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Eddie Goldman is the host and producer of the No Holds Barred international podcast, the publisher of the No Holds Barred blog, and a senior contributing editor at the ADCC News.

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    Monday, November 25, 2013

    No Holds Barred: Dr. Margaret Goodman on Concussions, CTE, Dementia, and the Future of Combat Sports 

    On this edition of No Holds Barred, host Eddie Goldman spoke with Dr. Margaret Goodman, a neurologist, the former chair of the Medical Advisory Board of the Nevada State Athletic Commission, and the president and board chairman of VADA, the Voluntary Anti-Doping Association.

    We spoke with her by phone Sunday, mainly about one of the many health issues facing the combat sports: concussions and the subsequent risks of dementia and diseases like CTE (chronic traumatic encephalopathy).

    "You can generalize, and you can say that what we know today is, getting hit in the head in any kind of sport, whether it be football, baseball, boxing, or MMA, is not good for the brain," she said.

    "How good it's not for the brain hasn't really been established as far as how much trauma can someone sustain before they're predisposed to a condition like chronic traumatic encephalopathy. And those factors are still unknown."

    However, she cautioned, "But what we do know is concussions or trauma to the head is additive. So the more punishment you take to your head, especially over a shorter period of time, often in the short time of a career of an MMA fighter or a boxer, has a whole bunch of risks as far as predisposing someone to a dementing illness."

    We discussed how trauma to the head can lead to serious brain diseases even in young athletes and especially children, why children are more predisposed to these diseases than adults, and how many in the combat sports are turning "one blind eye to what's going on."

    All the studies about the dangers on concussions and the prevalence of CTE in former NFL football players "should be a wakeup call" to those in combat sports where striking the head and trying to score a knockout are key, legal parts of the sport.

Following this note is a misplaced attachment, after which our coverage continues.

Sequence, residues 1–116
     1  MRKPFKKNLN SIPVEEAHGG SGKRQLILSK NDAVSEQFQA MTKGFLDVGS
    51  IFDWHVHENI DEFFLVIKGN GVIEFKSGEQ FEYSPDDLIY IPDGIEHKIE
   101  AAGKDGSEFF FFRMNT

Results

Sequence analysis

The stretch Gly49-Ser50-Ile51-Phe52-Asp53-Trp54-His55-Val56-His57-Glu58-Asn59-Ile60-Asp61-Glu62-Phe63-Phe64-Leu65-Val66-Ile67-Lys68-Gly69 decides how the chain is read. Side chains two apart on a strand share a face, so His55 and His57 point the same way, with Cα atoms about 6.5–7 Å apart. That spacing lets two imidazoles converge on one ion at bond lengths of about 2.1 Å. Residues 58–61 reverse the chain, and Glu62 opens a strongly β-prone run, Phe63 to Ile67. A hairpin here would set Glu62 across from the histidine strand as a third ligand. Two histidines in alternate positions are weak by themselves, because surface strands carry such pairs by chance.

We discussed the old saying from the 1990s that "MMA is safer than boxing," and whether or not that can still be said to be true, assuming it ever was.

    She was especially critical of the regulators of sports like boxing and MMA, who are largely "ignoring what is happening to the NFL." She said, referring not just to bad scoring, but to health and safety issues, "We're not regulating these sports properly." We also discussed the dangers of rapid weight-cutting, and what might be changed in order to minimize these dangers.

    But with the growing body of scientific studies and literature on concussions and CTE, with these issues seeming only to mount in the combat sports, with increased public attention all the time on the effects of head trauma involving high-profile athletes like Georges St-Pierre, with no solution in sight to these problems, and with the likelihood of more tragedies and premature deaths facing these athletes, we had to ask some very tough questions, to which there are not easy answers.

    Can the combat sports survive? Which ones are likeliest to go the way of smoking and becoming socially unacceptable and severely decline? Can combat sports with no striking to the head, like the various styles of grappling and wrestling, fill what may be a coming void? And what should those of us presently involved in various capacities with the combat sports do about all this?

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